SpaceX’s ace in the hole for that Catch-22 is that their prices are already by far the lowest. i think they’ve already got the “encourage more business” portion of that cycle rolling, judging by their launch manifest.

  5. 5 Tonya

    Maybe Steve Ballmer bought him the ticket…

  6. 6 Michael Vaicaitis

    They’ve got the prices to capture most of the satellite market, but for human space flight they’ll need more destinations.

  7. 7 Hug Doug

    that is true. better keep an eye on what Bigelow does once the Commercial Crew vehicles become operational

  8. 8 windbourne

    LOL. It would not be the first time that MS has tried things like that.

  9. 9 windbourne

    In what way? The fact that they want to be in space?
    Personally, I think that Brin has made a BIG mistake in doing this, right now.
    He should have waited until things cooled down with Russia.

  10. 10 windbourne

    Iff they can start delivering at the rate that they have been promising, they will have plenty of commercial space. In fact, I will be intrigued to see what happens in this ‘space’. Will a company like Thales move to using SpaceX only, since they claim that they are working with China solely because of their prices?
    Likewise, will companies in Europe pick SpaceX rather than Russia or Airbus with prices far below theirs?

    But, beyond that, I think that if SpaceX has F9R and perhaps dragon re-usable in the next year or so, I would think that SpaceX might drop the price for going to space to not only gut Soyuz, but also to massively undercut Boeing’s/ULA’s prices. At that point, even Shelby will have difficulty continuing to pull his BS.
    However, I think that if SpaceX/BA can get prices down below 20 million and maybe down to 15M, that many other nations will have no choice but to jump on it. That is just so low of a price that it is insane not to get ready for the moon.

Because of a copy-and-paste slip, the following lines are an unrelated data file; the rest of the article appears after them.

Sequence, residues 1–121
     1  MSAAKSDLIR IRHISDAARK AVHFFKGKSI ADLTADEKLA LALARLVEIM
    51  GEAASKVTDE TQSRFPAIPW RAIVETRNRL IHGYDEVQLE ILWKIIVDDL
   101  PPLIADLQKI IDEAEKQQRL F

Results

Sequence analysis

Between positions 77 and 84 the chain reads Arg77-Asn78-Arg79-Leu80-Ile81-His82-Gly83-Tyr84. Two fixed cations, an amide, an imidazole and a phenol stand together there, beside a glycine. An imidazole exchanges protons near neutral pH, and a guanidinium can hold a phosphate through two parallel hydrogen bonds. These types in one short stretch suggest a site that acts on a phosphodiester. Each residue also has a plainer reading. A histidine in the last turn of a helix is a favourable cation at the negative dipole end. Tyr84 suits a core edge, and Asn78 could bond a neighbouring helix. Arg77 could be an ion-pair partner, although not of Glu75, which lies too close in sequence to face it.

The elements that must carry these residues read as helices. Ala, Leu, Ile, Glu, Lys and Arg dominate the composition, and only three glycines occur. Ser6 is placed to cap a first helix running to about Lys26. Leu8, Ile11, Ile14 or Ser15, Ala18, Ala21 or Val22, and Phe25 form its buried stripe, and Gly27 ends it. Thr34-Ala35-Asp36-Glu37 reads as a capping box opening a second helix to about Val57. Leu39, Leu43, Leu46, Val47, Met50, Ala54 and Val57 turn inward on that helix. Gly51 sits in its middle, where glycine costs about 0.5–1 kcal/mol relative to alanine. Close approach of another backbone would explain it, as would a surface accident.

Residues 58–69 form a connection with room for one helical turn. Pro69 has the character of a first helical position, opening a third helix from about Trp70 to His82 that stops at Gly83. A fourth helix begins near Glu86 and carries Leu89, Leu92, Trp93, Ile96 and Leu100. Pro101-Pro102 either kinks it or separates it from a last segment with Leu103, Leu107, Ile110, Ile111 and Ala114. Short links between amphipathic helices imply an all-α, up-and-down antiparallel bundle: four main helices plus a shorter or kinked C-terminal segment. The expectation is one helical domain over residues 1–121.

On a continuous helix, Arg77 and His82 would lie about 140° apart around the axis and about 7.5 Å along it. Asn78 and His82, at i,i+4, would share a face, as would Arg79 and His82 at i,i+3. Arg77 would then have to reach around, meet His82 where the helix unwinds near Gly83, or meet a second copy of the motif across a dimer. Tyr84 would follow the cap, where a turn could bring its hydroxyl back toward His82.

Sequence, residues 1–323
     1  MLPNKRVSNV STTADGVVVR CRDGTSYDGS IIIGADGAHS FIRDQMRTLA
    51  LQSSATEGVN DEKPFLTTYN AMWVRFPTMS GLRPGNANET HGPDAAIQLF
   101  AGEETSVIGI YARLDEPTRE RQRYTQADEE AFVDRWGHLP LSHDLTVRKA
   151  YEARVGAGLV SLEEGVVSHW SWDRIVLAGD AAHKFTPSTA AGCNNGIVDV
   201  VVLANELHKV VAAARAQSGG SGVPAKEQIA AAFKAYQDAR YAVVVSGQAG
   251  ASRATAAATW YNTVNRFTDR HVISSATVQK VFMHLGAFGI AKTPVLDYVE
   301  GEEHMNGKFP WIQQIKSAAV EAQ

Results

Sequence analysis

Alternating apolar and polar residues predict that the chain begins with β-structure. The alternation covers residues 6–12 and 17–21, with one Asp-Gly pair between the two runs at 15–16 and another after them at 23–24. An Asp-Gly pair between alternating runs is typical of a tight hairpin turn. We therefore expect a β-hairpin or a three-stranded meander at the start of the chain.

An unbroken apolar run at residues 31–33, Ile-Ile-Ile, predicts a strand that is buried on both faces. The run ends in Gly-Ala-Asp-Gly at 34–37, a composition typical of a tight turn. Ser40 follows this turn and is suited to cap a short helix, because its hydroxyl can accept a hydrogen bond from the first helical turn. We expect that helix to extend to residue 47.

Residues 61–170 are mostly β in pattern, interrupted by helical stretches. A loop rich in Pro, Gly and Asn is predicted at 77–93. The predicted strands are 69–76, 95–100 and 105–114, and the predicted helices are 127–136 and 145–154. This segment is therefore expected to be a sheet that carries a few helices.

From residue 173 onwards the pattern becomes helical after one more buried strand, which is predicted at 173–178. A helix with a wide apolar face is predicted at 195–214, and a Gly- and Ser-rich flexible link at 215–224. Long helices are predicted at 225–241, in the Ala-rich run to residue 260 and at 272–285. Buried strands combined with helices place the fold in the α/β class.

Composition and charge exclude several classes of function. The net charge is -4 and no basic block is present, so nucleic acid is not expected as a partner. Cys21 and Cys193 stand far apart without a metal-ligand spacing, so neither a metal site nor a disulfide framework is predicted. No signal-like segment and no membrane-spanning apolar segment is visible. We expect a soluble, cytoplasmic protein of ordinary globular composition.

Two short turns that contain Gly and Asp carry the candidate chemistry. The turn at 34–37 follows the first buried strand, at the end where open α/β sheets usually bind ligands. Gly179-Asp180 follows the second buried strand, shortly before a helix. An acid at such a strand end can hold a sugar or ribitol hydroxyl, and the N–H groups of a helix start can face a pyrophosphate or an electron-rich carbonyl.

11. 11 windbourne

    So very very true.
    But LEO makes the perfect training ground for new space programs. IOW, by BA putting up 1 to 2 space stations, along with a tug/crew habitate that can move between them, then other nations can train to go elsewhere.

    The real destination that will make space take off, will be the moon. So many are pushing for SLS to go to the moon, but that has to be the WORST idea going. Far too expensive.
    Instead, by using BAs along with cheap re-usable space launchers, it will make the moon possible for multiple nations. Even if it costs 100M per person, nearly all nations with money will gladly pay to avoid missing possible opportunities.

  12. 12 windbourne

    Actually, I watch them constantly now. ILC Dover and BA are the 2 important ones. Both are working on aspects of it.
    Ideally, NASA/CONgress will support both so that we have competition going.

  13. 13 Hug Doug

    yeah, SpaceX really needs to start working through the backlog on their launch manifest. Canaveral’s launch schedule is quite busy though, so they really need to get their Texas launch site operational as soon as possible, though they’ve said it will take two years to build. it will be interesting to see what their launch rate is then.